Blends, until recently, have been treated as the poorer cousin of single origin and micro lot coffees. The third wave’s emphasis on the farmer, as well as the rise of alternative brewing methods, has created the myth that blends aren’t good coffee.

But fortunately, blends are coming back into fashion – and that’s good news for consumers and coffee shops alike.

Why Are Blends in Fashion Again?

Specialty roasters have always created blends: pioneers such as Stumptown and Blue Bottle have been creating house blends since their inception, while even smaller roasters like Square Mile and Heart always have a seasonal blend on offer.

Yet now, coffee shops and roasters are waking up to the fact that these blends don’t necessarily have to be lower quality than single origins – and, on top of that, they offer several significant benefits.

Blends should always be better than the individual coffees used to make them. If those individual coffees are poor-quality, then the blend will be mediocre at best. But if they’re great, then the resulting coffee will shine for its balanced and satisfying flavours.

A blend allows you to showcase a truly balanced coffee. You can have the bright acidity of a Kenyan or the floral sweetness of an Ethiopian along with a Colombian’s heavier body and a Mexican’s sweetness.

As the quality of specialty coffee increases in general thanks to greater consumer demand and innovations in farming, processing, roasting, and brewing, so too has the quality of most coffee blends.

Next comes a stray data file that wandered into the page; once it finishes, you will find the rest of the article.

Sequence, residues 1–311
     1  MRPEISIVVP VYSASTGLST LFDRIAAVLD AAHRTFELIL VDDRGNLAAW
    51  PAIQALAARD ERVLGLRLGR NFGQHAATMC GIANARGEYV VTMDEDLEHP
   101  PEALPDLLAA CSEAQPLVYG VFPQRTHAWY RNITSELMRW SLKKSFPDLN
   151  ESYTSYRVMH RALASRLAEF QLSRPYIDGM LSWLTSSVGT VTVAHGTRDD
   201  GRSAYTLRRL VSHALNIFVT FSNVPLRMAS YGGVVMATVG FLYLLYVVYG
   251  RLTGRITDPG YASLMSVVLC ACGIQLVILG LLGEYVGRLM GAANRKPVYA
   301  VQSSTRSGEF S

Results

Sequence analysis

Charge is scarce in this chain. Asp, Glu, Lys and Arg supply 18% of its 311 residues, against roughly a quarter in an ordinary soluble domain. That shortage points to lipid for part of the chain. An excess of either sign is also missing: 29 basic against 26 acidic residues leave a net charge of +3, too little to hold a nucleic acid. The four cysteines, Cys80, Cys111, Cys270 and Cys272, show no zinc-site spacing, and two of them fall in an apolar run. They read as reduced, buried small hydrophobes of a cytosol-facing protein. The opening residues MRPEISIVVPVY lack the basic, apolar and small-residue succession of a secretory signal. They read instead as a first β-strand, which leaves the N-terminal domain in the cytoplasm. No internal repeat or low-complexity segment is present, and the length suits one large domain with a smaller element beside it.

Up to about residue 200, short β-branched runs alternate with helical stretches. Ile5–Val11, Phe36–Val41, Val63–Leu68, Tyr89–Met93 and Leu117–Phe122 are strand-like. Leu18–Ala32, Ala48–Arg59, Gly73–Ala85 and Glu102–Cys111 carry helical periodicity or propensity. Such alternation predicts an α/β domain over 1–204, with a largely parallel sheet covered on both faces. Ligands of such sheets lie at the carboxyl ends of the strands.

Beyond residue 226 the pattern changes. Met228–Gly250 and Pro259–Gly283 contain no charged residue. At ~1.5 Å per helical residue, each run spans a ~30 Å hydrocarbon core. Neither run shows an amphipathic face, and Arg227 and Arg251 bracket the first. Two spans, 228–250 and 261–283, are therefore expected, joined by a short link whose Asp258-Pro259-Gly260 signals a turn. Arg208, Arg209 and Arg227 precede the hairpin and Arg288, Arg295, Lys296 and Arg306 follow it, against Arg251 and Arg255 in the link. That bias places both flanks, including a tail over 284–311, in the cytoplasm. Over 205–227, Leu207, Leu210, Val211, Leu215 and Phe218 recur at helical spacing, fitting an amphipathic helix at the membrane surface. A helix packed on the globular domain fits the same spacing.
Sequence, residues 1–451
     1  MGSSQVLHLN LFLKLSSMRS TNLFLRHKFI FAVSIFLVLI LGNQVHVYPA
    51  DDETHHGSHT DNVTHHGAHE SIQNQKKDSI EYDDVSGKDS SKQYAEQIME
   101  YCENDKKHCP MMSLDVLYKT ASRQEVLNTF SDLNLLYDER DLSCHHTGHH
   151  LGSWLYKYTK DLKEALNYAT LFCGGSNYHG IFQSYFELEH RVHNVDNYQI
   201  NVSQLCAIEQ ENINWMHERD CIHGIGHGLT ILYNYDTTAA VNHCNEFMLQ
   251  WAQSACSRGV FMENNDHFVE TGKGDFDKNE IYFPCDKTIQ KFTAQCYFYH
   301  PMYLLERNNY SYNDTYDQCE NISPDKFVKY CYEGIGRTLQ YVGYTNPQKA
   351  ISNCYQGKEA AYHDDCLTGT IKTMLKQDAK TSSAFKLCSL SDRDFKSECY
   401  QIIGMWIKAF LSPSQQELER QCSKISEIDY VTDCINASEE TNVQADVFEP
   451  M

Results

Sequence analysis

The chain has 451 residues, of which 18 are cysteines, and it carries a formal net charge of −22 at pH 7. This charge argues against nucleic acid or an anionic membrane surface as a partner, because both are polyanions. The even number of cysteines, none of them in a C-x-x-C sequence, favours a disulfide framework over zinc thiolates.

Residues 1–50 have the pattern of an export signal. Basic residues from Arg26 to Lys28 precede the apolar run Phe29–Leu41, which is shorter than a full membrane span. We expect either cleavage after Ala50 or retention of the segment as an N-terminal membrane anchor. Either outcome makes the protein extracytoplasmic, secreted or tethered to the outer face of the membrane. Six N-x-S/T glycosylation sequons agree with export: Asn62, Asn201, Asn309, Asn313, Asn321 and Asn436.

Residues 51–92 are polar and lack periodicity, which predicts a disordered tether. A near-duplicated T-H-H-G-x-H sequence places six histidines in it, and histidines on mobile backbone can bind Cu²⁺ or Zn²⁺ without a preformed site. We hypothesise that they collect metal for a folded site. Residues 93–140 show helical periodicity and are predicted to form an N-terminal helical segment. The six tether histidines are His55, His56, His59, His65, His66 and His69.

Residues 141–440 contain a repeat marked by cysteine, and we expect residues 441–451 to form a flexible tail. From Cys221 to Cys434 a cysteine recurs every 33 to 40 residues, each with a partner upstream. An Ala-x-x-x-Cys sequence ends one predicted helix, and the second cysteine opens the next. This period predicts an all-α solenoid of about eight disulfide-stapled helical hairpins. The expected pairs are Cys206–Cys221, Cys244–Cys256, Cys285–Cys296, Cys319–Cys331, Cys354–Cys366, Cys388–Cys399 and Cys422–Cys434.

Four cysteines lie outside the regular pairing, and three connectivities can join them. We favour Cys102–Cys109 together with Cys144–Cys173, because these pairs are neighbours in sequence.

But that’s not the only benefit.

3 Major Benefits of Blends

1. Affordability & Financial Stability

Blends are usually more affordable than single origins. Single origins and micro lots, after all, represent not just exceptional quality but also additional logistical challenges: keeping those beans separate, tracing the origin, perhaps experimentally processing them… All of this adds up to a higher price tag.

2. Year-Round Availability

Single origins might be available for a few months of the year, but a blend is typically on offer all year round. Even if the original components vary, most roasters will be able to gradually replace them with similar origins so that the change isn’t as noticeable. Other roasters might improve the year-round consistency by including origins with two harvest seasons, like Colombia.

3. Increasing Customer Loyalty & Retention

And let’s not forget that while many coffee shops may offer a single origin, washed processed Colombian or Ethiopian, far fewer places will stock the same house blend as you. Customers who fall in love with that flavour will have to come back to you to taste it again.

Blends allow customers to put their trust in a product that they are willing to spend money on, perhaps even every single day.

5 Tips for Serving and Marketing Specialty Coffee Blends

  1. Purchase them from a good roaster, one who knows to match the solubility level of each origin so that the different coffees extract at the same rate.
  2. Market your blends especially for espresso and milk-based drinks. Single origins are often lighter bodied and more acidic than blends, which means they don’t always compliment the creaminess of milk (or alternative milk) quite as well.
  3. Name your blends so that customers can grow loyal to them.
  4. Seasonal blends can cater to curious customers who still value a more traditional tasting coffee.
  5. Be transparent about each origin in the blend to attract the attention of younger demographics, who care deeply about sustainability.